The Gold Price is Not ‘Too Low’

By Michael Ashton

To listen to a gold bull, you would think that no matter where gold is priced, it is a safe haven

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Before I start today’s article, let me say that I don’t like to write about gold. The people who are perennially gold bulls are crazy in a way that is unlike the people who are perennial equity bulls (Abby Joseph Cohen) or perennial bond bulls (Hoisington). They will cut you.

That being said, they are also pretty amusing.

To listen to a gold bull, you would think that no matter where gold is priced, it is a safe haven. Despite the copious evidence of history that says gold can go up and down, certain of the gold bulls believe that when “the Big One” hits, gold will be the most prized asset in the world. Of course, there are calmer gold bulls also but they are similarly dismissive of any notion that gold can be expensive.

The argument that gold is valuable simply because it is acceptable as money, and money that is not under control of a central bank, is vacuous. Lots of commodities are not under the control of a central bank. Moreover, like any other asset in the world gold can be expensive when it costs too much of other stuff to acquire it, and it can be cheap when it costs lots less to acquire.

I saw somewhere recently a chart that said “gold may be forming a major bottom,” which I thought was interesting because of some quantitative analysis that we do regularly (indeed, daily) on commodities. Here is one of the charts, approximately, that the analyst used to make this argument:

I guess, for context, I should back up a little bit and show that chart from a longer-term perspective. From this angle, it doesn’t look quite like a “major bottom,” but maybe that’s just me.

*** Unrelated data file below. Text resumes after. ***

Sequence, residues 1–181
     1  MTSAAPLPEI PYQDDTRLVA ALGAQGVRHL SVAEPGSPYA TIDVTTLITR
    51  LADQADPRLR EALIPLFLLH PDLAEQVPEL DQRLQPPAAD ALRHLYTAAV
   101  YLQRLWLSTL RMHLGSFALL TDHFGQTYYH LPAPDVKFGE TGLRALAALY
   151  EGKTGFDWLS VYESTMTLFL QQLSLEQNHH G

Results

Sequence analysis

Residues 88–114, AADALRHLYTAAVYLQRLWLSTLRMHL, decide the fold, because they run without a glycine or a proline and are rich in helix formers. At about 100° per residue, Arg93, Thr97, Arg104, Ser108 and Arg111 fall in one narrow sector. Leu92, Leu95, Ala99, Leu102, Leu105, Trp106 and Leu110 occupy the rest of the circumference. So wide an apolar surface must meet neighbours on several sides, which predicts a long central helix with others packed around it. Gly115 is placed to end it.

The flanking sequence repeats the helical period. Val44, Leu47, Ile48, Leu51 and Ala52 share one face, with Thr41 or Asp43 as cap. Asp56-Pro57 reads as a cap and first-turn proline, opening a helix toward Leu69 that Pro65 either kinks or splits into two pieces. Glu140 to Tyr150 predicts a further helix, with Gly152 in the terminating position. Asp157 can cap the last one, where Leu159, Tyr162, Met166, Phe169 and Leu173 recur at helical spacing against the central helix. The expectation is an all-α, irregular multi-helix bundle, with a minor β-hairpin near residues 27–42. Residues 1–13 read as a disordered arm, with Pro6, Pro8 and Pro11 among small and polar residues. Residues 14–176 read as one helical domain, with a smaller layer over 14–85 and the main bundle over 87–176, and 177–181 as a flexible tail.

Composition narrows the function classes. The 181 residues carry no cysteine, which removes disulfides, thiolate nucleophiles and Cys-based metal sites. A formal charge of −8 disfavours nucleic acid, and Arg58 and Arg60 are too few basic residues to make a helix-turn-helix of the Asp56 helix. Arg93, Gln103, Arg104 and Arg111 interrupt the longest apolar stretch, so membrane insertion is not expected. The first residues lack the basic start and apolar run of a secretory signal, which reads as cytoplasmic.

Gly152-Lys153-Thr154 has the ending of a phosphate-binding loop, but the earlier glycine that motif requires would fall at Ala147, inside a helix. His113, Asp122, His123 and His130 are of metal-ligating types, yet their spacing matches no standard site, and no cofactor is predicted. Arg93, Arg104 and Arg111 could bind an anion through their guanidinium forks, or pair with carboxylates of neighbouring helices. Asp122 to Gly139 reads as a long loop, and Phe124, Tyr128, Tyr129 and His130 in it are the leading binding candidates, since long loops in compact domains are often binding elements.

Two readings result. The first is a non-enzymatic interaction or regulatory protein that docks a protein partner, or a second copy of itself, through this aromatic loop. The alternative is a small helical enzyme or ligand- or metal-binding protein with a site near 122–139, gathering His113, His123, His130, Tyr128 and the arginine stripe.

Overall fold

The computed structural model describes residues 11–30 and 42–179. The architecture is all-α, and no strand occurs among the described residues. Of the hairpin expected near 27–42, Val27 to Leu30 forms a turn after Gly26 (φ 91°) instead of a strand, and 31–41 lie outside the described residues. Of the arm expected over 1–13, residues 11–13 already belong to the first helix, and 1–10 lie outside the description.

So which is it? Is gold cheap, or expensive? Erb and Harvey a few years ago noticed that the starting real price of gold (that is, gold deflated by the price index) turned out to be strikingly predictive of the future real return of holding (physical) gold. This should not be terribly shocking – although it is hard to persuade equity investors today that the price at which they buy stocks may affect their future returns – but it was a pretty amazing chart that they showed. Here is a current version of the chart (source: Enduring Investments LLC):

The vertical line represents the current price of gold (all historical gold prices are adjusted by the CPI relative to today’s CPI and the future 10-year real return calculated to derive this curve). It suggests that the future real return for gold over the next decade should be around -7% per annum. Now, that doesn’t mean the price of gold will fall – the real return could be this bad if gold prices have already adjusted for an inflationary future that now unfolds but leaves the gold price unaffected (since it is already impounded in current prices). Or, some of each.

Actually, that return is somewhat better than if you attempt to fit a curve to the data because the data to the left of the line is steeper than the data to the right of the line. Fitting a curve, you’d see more like -9% per annum. Ouch!

In case you don’t like scatterplots, here is the same data in a rolling-10-year form. In both cases, with this chart and the prior chart, be careful: the data is fit to the entire history, so there is nothing held ‘out of sample.’ In other words, “of course the curve fits, because we took pains to fit it.”

But that’s not necessarily a damning statement. The reason we tried to fit this curve in the first place is because it makes a priori sense that the starting price of an asset is related to its subsequent return. Whether the precise functional form of the relationship will hold in the future is uncertain – in fact, it almost certainly will not hold exactly. But I’m comfortable, looking at this data, in making the more modest statement that the price of gold is more likely to be too high to offer promising future returns than it is too low and likely to provide robust real returns in the future.

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